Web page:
A fuel cell is an electrochemical device that directly converts chemical energy into electricity. It parts from a reactive fuel (usually hydrogen) and an oxidizer (in many cases oxygen) to produce water, electricity (DC) and heat.
It has several parts:
- Electrodes (anode, where the H2 is reduced and cathode, where H+ reacts with O2)
- Electrolyte (separate the gases, allowing the passage of H+ ions to the cathode and separate e-)
- Bipolar plates (separate the cells, “lead” the gases and evacuate the H2O)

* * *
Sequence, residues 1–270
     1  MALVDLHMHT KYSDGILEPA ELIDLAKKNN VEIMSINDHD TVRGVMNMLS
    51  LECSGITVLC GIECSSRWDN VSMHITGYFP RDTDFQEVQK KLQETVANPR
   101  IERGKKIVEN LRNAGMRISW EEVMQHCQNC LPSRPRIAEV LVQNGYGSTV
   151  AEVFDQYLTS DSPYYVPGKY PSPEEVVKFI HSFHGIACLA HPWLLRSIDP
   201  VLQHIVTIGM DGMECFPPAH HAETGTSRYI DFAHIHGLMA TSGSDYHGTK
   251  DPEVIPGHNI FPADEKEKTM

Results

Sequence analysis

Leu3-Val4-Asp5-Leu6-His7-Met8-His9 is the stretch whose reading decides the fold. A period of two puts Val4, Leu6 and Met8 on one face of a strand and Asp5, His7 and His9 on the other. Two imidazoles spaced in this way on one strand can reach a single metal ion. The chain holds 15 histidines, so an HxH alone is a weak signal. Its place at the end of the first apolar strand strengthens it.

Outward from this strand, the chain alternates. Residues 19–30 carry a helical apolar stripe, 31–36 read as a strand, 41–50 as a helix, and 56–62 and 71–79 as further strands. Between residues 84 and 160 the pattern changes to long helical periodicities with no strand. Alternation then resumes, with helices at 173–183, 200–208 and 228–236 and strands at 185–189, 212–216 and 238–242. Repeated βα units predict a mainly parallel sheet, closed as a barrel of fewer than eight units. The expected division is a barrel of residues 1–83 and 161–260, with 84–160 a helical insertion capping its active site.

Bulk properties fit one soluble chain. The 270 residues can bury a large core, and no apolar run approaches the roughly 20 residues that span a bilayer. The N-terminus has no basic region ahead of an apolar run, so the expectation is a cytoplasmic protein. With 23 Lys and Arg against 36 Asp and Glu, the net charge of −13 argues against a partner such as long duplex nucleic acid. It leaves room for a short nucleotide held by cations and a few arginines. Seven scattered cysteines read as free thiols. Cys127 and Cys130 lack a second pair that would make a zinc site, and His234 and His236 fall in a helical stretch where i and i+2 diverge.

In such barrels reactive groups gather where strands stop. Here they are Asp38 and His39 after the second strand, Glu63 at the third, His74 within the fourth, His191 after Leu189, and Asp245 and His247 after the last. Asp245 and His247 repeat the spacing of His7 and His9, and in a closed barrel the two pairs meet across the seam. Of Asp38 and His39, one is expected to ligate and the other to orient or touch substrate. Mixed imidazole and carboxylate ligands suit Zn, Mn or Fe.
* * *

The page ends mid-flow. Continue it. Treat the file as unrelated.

The reactions that take place in each of the electrodes are:
Anode reaction: H2 –>2H+ + 2e-
Cathode reaction: ½ O2 + 2H+ + 2e- –> H2O
Global reaction: H2 + ½ O2 –> H2O
On the anode side, hydrogen dissociates into protons and electrons. The protons are leaded through the membrane to the cathode, but the electrons are forced to go through an external circuit (producing power) because the membrane is electrically isolated. In the cathode catalyst, oxygen molecules react with electrons (leaded through the external circuit) and protons forming water. In this case, the only waste product is water vapor or liquid water.